With the Media as Shills, 'Red Flag' Laws Will Always Look Good

AP Photo/Jae C. Hong

When red flag laws first started gaining in popularity, I made a note that states with such laws would use the number of times the law was used to justify the existence of said law. It doesn't matter if mass shootings increase, if violent crime increases, or if 99 percent of those who were hit with the order were hit wrongfully, they'd still tout it as working because it was used X many times.


And, so far, that's precisely what's happened.

That's bad enough as it is, but it doesn't help when the media buys into the BS. After all, they're supposed to work as a check on the government. They're supposed to question the official narrative.

I'm not shocked that they don't, mind you. I'm used to it by now, but I still want to call them out on it, especially when they go from simply being uncritical to being the laws' cheerleaders.

Santa Clara County seizes more guns from dangerous, disturbed, and suicidal people than anywhere else in California, according to a new State Attorney General’s report.

Well, we're off to a banger of a start, aren't we?

I mean, they're already laying the groundwork that all of the red flag orders were, in fact, justified; that everyone who was hit with one represented a danger to themselves or someone else.

Moving on...

Of the 2,719 GVROs issued in California last year, 24% were issued in Santa Clara County.

Santa Clara County issued 645 GVROs last year. In one case, a man communicated that he was going to get guns and commit a school shooting at a local high school. Quick action by the San Jose Police Department in obtaining a GVRO made it illegal for him to buy weapons.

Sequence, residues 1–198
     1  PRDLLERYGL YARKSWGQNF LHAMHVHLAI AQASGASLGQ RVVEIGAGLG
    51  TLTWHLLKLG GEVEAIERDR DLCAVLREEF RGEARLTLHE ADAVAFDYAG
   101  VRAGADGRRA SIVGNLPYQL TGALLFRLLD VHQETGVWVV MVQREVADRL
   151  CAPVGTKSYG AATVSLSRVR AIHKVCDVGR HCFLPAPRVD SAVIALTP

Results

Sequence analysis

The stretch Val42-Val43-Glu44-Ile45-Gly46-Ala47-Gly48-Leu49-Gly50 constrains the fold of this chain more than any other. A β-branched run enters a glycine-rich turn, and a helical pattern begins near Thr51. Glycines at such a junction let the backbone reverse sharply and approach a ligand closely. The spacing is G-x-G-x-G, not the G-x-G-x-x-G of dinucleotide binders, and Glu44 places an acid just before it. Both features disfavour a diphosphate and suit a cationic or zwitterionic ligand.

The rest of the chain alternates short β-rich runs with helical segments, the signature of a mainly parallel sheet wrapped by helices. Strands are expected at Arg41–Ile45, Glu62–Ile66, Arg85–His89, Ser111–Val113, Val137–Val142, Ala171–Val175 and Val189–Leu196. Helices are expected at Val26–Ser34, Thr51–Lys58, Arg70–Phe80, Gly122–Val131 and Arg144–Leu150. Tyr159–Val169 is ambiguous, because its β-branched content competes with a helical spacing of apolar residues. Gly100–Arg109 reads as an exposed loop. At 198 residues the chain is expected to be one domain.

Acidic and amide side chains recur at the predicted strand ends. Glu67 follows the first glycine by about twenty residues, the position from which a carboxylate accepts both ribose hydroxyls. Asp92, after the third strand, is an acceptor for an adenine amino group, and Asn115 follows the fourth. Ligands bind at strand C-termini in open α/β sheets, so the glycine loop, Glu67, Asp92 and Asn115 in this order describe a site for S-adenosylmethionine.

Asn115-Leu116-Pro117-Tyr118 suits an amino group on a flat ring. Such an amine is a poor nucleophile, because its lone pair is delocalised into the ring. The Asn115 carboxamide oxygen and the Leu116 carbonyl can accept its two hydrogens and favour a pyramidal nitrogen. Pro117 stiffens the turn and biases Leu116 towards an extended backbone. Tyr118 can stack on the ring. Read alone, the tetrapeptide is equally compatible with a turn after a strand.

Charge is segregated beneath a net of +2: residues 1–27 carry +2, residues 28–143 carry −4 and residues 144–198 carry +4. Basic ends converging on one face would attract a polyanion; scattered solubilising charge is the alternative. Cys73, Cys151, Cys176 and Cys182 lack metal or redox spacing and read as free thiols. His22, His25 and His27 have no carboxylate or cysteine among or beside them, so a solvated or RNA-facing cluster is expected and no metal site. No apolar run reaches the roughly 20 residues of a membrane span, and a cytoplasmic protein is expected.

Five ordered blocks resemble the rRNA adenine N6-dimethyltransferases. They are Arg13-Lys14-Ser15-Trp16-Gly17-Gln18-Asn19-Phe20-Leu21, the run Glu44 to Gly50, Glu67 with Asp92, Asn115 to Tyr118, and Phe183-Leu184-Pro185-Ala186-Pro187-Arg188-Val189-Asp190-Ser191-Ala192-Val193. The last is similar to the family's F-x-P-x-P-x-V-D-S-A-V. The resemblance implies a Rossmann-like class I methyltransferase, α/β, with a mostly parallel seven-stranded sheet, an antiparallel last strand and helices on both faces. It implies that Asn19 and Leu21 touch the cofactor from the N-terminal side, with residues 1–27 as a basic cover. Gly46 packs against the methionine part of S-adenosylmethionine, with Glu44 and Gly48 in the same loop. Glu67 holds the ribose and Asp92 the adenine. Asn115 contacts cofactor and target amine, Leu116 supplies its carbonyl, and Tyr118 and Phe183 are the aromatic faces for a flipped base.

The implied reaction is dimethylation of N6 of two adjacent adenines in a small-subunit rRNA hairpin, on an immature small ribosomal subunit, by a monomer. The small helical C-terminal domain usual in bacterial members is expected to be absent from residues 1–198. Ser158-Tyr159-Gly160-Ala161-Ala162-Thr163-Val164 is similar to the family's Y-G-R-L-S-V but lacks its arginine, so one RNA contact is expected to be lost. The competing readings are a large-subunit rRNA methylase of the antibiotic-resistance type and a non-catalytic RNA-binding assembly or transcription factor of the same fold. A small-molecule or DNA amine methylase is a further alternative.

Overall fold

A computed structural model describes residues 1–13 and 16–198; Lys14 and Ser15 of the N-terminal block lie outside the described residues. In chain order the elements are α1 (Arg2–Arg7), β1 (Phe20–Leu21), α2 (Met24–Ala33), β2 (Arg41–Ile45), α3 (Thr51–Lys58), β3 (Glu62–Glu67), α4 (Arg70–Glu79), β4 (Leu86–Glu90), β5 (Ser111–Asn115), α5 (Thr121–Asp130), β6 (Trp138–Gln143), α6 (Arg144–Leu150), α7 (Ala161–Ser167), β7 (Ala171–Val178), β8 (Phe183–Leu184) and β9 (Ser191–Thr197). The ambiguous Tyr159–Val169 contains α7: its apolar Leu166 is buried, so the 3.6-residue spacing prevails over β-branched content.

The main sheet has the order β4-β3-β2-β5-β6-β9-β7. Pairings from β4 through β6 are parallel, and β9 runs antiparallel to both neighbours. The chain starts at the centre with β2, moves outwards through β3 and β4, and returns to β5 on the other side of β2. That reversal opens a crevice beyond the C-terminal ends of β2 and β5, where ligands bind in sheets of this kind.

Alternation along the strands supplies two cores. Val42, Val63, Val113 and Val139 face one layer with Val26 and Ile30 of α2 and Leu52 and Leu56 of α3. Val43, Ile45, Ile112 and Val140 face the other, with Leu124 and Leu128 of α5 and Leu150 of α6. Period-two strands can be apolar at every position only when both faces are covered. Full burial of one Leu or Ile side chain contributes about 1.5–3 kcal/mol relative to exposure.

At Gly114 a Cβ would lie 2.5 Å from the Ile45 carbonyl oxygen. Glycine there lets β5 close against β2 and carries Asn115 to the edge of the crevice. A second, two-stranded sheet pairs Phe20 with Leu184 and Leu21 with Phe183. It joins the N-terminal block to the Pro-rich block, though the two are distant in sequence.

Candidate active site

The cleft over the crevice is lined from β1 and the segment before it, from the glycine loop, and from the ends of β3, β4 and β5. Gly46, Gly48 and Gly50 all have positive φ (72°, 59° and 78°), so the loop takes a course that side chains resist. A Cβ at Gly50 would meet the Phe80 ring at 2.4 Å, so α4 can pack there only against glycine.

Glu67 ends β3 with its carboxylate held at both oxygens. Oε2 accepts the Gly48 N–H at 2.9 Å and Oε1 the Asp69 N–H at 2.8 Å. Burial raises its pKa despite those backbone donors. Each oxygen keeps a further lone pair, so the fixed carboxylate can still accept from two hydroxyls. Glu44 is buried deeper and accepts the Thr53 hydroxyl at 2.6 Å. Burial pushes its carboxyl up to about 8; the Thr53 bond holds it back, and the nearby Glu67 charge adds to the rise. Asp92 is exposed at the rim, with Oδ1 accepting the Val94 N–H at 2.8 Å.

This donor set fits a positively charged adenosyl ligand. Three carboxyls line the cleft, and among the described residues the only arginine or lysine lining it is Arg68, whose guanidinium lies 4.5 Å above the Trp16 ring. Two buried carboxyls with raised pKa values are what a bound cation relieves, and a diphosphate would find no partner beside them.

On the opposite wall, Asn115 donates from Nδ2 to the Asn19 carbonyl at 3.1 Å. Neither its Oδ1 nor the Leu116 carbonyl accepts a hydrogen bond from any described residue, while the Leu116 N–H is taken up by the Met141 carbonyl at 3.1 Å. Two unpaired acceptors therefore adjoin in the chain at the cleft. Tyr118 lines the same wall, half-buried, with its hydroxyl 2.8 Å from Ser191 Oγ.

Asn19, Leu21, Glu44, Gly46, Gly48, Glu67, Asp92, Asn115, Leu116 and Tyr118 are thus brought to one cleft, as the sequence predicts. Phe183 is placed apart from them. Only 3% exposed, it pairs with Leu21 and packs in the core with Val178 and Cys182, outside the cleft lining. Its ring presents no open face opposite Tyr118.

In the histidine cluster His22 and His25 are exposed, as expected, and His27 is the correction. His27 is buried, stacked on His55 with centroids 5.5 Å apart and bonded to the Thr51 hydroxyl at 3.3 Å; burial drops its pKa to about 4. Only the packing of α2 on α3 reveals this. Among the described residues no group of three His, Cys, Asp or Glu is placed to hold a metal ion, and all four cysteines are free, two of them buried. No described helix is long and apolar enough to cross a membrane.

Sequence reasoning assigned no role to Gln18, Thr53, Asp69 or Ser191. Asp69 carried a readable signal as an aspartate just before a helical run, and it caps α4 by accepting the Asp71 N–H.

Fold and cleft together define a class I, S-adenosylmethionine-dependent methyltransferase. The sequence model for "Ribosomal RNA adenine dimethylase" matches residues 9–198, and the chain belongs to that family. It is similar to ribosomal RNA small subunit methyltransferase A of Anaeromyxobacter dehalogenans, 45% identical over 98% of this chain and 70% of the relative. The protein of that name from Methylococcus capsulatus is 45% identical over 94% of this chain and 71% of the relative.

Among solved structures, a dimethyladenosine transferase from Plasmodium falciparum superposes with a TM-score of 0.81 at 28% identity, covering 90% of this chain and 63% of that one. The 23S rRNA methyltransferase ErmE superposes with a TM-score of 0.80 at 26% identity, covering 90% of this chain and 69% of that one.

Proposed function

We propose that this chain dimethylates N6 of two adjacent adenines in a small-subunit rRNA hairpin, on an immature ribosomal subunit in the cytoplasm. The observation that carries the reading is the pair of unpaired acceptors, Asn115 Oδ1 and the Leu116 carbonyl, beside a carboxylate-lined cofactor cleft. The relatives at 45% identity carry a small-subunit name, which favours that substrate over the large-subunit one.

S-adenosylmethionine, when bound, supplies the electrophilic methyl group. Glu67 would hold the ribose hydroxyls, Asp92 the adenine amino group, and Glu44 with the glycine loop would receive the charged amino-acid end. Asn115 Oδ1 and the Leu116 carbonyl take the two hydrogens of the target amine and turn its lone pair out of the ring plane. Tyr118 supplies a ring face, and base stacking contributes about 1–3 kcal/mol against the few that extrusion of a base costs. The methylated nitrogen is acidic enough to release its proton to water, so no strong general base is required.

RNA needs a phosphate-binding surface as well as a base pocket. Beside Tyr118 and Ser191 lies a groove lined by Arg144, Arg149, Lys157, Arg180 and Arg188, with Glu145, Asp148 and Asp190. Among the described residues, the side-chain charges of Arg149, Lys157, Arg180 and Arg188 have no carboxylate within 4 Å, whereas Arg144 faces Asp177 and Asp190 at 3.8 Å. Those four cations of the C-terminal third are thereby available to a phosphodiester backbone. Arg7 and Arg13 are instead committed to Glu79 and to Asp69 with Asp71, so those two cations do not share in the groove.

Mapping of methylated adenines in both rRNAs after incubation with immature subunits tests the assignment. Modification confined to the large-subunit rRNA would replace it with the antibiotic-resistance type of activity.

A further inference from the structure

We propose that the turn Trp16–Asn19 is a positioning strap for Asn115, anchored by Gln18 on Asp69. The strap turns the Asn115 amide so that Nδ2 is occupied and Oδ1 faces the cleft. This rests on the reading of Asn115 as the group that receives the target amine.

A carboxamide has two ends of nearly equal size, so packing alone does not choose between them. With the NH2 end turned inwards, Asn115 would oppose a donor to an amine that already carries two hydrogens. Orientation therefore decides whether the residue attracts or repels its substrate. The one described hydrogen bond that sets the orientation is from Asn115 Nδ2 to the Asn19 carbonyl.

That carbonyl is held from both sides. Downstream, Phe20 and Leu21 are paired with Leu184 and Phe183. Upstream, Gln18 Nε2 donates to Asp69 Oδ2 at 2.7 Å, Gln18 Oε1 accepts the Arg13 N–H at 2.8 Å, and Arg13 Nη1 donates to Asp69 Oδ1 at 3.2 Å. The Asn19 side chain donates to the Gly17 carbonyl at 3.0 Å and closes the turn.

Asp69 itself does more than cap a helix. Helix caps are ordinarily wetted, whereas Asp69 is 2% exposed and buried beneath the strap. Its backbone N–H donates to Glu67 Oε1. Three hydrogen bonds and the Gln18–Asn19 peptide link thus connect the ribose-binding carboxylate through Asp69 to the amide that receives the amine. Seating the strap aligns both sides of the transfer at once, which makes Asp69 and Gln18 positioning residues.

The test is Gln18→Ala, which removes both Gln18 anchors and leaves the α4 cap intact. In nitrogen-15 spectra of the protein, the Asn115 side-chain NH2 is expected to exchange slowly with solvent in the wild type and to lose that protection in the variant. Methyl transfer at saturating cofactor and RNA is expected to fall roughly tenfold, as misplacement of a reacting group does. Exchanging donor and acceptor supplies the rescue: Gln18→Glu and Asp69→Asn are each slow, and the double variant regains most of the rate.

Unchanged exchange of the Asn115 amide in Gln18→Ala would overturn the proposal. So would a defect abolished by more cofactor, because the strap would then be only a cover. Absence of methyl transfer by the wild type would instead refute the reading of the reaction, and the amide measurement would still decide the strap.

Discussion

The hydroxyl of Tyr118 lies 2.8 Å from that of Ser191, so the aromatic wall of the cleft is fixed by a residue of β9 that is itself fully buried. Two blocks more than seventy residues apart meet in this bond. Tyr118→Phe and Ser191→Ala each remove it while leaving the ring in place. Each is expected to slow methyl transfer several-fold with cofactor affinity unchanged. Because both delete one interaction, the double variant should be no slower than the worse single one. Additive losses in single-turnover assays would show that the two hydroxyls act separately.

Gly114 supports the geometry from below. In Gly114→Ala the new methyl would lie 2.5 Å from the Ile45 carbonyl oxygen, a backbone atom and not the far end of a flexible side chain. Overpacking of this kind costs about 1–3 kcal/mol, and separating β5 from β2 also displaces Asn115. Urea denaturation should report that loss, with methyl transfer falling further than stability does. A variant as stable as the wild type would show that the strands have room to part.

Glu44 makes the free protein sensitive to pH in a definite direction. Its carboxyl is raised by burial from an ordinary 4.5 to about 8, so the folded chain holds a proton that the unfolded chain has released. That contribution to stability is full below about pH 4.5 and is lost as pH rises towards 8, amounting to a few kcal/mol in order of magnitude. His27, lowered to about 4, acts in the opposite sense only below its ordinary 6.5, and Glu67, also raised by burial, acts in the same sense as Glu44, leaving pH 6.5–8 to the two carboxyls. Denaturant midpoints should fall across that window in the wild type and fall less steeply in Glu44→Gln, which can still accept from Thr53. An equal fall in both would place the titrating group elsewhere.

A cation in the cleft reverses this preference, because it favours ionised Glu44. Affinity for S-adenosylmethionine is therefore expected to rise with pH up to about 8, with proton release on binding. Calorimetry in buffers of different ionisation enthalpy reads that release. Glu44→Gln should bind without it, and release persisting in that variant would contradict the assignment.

In another case, an armed man threatened to hurt himself and his wife. Police obtained a GVRO to seize three firearms before he was arrested.


See, these are cherry-picked examples of GVROs that are meant to make the entire thing look like a good thing.

The thing is, both of these examples regard someone making terroristic threats. Under California law, the charge is "criminal threats" and it can be charged as either a misdemeanor or a felony. Had they been charged with a felony, they'd be prohibited from buying guns or even having them as it currently stands. No red flag law would be needed.

That's part of the issue with GVROs in the first place, they're just not needed for the truly dangerous people. 

Yet my question is how many of those order were issued, stripping people of their right to keep and bear arms, when there was no threat at all? I mean, I've seen people accused of being horrible, violent people simply because they said they were ready and a little eager to defend themselves if the mob came for them. It's not difficult to imagine someone taking out a GVRO on such a person, claiming there's a threat, and a judge granting it initially only to rescind it later.

Those never seem to show up in these reports.


You can't tell me that there's never been a false or inaccurate report in California's history. There's been too many of them over the years since the state first implemented them for me to buy that.

But when the media is cheerleading for you like this, you don't actually have to even acknowledge those. They'll cover for you just fine without ever asking an inconvenient question.

It must be nice.

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